Erika Engle

Sunday, July 11, 2004

An express test
for isle readers

Hawaii is rarely a test market for anything, largely because our population doesn't mirror the rest of the United States.

However, Borders Books Music & Cafe chose Hawaii to test market the rebranding of sister retailer Waldenbooks. Its 11 Hawaii stores have been converted to Borders Express stores and will host grand openings on Saturday.

"Some will have events, authors, musicians. All will have different discounts, giveaways and gift cards, balloons, cake and all that," said spokeswoman Emily Swan.

Hmm, frosting-covered fingers flipping through Bill Clinton's "My Life" ...

"It's always a concern but you know, we have napkins, so we're all right," she chuckled.

Product offerings have been adjusted to include stationery, top-selling CDs and DVDs. "The idea is to give more of a mini-Borders experience," she said.

Just without the caffeine, chamomile or croissants, due to space constraints. Waldenbooks stores, often in malls, cast a smaller footprint than what Swan calls the Borders superstores, of which Hawaii has six.

Waldenbooks preferred reader cards will be honored in Borders Express until the cards expire. The company will not renew them.

Publicly traded Michigan-based parent company Borders Group Inc. is not offering another loyalty card, but Swan said Borders coupons and special offers would extend to Borders Express locations.

The rebranding will eliminate from Hawaii a name associated with book selling for 71 years.

Walden Book Stores founder Larry Hoyt started his business as a book-rental shop in Connecticut in 1933, choosing the Walden name from the work of Henry David Thoreau.

The Borders name came into play in 1971 when brothers Tom and Louis Borders opened a used book store in Ann Arbor Mich.

Grade the news, please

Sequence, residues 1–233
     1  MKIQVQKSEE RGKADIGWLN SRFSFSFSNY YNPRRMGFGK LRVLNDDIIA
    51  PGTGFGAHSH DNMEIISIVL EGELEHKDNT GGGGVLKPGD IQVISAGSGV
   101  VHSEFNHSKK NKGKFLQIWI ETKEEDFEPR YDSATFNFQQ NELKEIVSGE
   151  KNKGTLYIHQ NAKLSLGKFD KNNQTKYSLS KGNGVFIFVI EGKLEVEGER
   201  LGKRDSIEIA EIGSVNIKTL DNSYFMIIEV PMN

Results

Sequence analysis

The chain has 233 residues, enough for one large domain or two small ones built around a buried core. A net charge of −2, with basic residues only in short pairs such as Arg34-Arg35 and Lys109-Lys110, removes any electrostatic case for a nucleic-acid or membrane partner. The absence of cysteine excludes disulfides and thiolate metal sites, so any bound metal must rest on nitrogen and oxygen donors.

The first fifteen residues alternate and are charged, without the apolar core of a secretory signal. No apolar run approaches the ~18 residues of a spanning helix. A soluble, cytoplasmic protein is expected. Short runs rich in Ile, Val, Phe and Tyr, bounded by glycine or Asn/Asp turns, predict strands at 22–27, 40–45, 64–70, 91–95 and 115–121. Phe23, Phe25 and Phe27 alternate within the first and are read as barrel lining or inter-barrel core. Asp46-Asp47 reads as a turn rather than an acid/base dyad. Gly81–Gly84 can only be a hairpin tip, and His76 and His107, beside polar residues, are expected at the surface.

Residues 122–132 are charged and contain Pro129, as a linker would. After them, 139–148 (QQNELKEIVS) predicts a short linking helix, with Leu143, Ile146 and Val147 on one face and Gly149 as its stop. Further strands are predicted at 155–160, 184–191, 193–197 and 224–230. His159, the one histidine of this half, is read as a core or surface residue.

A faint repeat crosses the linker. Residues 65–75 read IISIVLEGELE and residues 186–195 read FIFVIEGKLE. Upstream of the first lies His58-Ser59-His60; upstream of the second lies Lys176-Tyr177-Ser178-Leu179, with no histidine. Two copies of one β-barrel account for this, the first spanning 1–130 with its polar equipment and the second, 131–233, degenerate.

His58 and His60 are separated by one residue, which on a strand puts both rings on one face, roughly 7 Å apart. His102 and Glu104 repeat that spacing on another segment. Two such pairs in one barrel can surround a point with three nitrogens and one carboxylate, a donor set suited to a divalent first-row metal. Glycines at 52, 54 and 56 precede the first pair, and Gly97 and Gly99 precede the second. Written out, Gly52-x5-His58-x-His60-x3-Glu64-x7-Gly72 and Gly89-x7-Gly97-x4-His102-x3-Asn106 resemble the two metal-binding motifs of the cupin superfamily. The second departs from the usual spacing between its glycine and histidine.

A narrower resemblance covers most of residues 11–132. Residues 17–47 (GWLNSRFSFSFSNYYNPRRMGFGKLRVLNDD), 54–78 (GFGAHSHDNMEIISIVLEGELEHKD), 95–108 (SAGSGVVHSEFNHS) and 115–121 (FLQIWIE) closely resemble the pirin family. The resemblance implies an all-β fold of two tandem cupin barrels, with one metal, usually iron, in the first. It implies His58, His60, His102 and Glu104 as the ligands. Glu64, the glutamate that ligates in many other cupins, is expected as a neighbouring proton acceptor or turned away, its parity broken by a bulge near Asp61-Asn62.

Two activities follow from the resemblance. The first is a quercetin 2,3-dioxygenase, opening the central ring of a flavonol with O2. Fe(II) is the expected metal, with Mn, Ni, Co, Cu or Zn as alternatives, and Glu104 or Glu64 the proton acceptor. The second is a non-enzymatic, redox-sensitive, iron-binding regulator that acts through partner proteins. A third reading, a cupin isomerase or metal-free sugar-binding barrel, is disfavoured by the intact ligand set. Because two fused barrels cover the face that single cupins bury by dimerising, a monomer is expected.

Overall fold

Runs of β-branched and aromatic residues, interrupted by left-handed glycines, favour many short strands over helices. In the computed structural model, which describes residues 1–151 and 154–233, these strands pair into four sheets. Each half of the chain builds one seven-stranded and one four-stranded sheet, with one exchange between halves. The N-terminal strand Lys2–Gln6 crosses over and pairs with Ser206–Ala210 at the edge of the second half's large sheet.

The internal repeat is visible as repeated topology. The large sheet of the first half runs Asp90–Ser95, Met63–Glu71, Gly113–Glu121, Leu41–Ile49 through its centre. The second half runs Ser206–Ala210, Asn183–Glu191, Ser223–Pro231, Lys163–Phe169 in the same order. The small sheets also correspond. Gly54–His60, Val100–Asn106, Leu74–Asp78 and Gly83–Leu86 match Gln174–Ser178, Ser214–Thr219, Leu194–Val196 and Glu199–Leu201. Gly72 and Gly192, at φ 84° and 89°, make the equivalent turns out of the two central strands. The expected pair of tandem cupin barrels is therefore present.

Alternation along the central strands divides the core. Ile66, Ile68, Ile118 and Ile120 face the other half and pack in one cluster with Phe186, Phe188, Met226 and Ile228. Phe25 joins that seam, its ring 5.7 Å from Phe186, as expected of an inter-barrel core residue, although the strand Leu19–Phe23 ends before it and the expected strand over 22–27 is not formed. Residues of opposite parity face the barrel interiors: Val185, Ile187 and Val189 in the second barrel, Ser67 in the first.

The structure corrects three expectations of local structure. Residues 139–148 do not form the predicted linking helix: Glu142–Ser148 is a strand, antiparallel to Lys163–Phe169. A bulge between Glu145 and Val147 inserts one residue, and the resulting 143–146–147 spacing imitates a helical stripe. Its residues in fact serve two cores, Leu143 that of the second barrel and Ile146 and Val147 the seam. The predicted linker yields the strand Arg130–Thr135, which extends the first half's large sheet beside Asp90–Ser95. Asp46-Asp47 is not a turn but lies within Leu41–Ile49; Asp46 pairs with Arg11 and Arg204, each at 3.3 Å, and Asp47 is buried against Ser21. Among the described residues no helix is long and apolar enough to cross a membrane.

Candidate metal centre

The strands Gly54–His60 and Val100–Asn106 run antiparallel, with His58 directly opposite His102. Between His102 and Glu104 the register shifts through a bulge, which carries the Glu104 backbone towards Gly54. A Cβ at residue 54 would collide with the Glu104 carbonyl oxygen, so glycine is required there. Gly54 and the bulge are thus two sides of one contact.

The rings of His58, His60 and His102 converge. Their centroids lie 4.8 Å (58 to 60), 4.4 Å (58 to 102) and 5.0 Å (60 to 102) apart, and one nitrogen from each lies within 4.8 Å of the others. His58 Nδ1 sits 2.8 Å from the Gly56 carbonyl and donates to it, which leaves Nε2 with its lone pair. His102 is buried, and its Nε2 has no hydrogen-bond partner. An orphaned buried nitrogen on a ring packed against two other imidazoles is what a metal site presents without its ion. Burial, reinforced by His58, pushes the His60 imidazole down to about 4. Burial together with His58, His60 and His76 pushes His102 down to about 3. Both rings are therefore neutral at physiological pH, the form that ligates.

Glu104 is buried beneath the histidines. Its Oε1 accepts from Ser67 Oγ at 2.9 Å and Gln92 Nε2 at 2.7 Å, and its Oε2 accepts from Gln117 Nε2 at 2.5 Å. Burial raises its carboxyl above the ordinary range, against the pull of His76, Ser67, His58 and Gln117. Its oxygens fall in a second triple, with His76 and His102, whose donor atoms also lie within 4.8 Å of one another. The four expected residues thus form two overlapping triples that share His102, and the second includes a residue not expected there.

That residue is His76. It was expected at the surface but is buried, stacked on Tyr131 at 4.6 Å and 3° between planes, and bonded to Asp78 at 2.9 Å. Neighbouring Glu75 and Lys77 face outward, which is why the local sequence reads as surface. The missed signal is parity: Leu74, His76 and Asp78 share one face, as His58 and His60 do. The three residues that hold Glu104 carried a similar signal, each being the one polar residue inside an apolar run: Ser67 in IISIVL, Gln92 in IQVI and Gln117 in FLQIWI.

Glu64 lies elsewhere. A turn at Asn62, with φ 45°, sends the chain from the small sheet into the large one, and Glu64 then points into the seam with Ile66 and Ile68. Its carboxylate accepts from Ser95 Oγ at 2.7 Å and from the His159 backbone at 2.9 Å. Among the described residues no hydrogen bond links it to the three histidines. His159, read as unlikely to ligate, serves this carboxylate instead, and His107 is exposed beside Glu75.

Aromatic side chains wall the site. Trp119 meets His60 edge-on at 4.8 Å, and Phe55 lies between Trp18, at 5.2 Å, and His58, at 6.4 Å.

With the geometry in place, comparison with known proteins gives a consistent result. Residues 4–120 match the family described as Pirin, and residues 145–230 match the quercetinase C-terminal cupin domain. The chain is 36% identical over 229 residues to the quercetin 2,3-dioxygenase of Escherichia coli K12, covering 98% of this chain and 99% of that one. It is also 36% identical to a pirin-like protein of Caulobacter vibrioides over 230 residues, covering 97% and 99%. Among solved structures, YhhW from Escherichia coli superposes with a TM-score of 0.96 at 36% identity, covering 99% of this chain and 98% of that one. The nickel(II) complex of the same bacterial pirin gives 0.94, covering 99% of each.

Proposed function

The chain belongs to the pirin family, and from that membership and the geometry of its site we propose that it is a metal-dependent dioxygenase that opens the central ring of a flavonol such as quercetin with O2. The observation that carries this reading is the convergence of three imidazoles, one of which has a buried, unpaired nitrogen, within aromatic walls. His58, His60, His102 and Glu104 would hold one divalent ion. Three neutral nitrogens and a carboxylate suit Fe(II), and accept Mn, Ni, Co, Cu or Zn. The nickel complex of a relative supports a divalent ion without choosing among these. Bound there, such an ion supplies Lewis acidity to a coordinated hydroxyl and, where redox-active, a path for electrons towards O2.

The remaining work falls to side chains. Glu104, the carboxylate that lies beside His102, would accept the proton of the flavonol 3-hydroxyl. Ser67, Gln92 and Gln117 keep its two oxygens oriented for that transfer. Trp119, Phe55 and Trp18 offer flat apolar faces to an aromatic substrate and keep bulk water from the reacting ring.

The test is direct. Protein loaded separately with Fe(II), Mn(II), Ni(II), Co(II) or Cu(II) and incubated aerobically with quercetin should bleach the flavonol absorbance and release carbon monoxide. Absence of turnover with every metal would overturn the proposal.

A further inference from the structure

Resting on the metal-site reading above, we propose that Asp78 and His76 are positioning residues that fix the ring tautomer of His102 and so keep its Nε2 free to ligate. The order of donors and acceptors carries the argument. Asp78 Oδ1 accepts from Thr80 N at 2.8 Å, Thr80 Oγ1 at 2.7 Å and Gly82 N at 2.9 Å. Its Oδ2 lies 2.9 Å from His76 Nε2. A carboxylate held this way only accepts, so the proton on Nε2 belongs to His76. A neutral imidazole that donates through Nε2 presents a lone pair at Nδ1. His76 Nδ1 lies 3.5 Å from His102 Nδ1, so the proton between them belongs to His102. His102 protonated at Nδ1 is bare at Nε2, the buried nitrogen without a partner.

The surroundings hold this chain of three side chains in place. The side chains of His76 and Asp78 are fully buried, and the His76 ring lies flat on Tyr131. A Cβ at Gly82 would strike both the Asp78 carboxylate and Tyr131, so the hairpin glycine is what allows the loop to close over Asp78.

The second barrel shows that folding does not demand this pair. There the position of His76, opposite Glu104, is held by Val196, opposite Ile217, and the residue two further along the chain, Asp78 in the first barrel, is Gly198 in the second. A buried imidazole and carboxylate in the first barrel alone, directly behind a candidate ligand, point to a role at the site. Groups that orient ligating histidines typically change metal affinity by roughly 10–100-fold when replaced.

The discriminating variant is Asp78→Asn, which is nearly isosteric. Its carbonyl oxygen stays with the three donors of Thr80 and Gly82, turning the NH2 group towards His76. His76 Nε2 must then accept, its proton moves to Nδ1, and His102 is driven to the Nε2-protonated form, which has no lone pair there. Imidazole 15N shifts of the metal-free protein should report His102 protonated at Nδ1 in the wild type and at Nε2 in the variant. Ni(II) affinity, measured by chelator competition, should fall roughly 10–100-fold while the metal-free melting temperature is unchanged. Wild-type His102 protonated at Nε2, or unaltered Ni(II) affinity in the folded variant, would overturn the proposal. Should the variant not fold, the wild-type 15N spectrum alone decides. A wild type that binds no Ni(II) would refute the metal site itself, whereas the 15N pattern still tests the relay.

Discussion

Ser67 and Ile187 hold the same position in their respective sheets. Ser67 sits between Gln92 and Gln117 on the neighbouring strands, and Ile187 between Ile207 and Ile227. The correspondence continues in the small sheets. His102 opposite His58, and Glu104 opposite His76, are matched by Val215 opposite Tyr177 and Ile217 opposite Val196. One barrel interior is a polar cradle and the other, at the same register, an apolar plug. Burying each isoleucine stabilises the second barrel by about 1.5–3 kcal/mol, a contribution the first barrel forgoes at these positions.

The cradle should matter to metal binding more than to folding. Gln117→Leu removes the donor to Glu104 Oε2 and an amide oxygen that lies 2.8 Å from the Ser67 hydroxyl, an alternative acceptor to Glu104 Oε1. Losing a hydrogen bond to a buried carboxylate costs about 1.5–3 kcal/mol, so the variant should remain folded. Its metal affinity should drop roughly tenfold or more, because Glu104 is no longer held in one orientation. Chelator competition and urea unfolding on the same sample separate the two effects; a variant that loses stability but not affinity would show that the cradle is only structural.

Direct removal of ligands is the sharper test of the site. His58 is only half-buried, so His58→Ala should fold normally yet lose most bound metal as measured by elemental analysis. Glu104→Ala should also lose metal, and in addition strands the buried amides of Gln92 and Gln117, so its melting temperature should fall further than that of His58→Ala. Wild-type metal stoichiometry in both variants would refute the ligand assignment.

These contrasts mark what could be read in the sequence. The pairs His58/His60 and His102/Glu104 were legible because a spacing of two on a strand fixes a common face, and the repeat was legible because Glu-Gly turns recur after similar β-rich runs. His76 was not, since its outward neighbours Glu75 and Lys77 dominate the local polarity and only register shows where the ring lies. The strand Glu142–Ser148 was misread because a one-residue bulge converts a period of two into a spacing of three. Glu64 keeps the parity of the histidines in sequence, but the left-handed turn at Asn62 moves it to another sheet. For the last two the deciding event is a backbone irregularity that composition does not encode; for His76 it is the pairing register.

News junkies, rejoice! The Hawaii Localism Coalition wants you to grade local news, but not just any old way.

A grading system developed by Stanford University's Graduate Journalism program, initially used to critique San Francisco Bay Area news, will be used to gather information from Hawaii broadcast news consumers.

The grading sheet and instructions are at

"To participate you've probably got to tape the newscast and review it at your own pace," said Sean McLaughlin, coalition spokesman and president and chief executive of Akaku: Maui Community TV.

The information will be presented to the Federal Communications Commission at the western region hearing of its Localism Task Force on July 21 in Monterey, Calif.

The commission wants to hear from consumers, industry professionals, civic groups and others on broadcasters' service to their local communities. The information will factor into broadcast license renewals. In the renewal process, stations must show they have operated in the public interest by providing such services as local news.

The FCC plans to stream live audio from the hearing on its Web site at

Ad2 awards

Ad 2 Honolulu was awarded "Club of the Year" from the American Advertising Federation at its recent annual conference in Dallas.

The local group of advertising industry-related professionals, age 32 or younger, received first-place awards in seven of eight categories -- public service, education, government relations, communications, programs, membership and diversity.

Judges awarded the honors for a compilation of the club's work over the contest year. Ad 2 Co-Presidents Sean Morris and Jeela Ongley received presidents-of-the-year honors as well.

In a separate competition among pro-bono public service campaigns prepared by the clubs, Ad 2 Honolulu received first-place for the third year in a row.

Its nonprofit client this time was Hawaii Literacy. As a result of the campaign, the organization has received increased inquiries for services, contacts by potential volunteers and interest from government agencies, according to a videotaped testimonial by Executive Director Katy Chen.

The Ad 2 public service team presented the campaign before a panel of judges and an audience and received a standing ovation. Repeating the presentation at a subsequent banquet, the team received a second standing ovation, Morris said.

"It's a coup because we want to show the rest of the people out there, especially in the industry, that Hawaii is a viable place for good advertising and public relations -- and we really can make a difference," said Morris.

See the Columnists section for some past articles.

Erika Engle is a reporter with the Star-Bulletin. Call 529-4302, fax 529-4750 or write to Erika Engle, Honolulu Star-Bulletin, 500 Ala Moana Blvd., No. 7-210, Honolulu, HI 96813. She can also be reached at:


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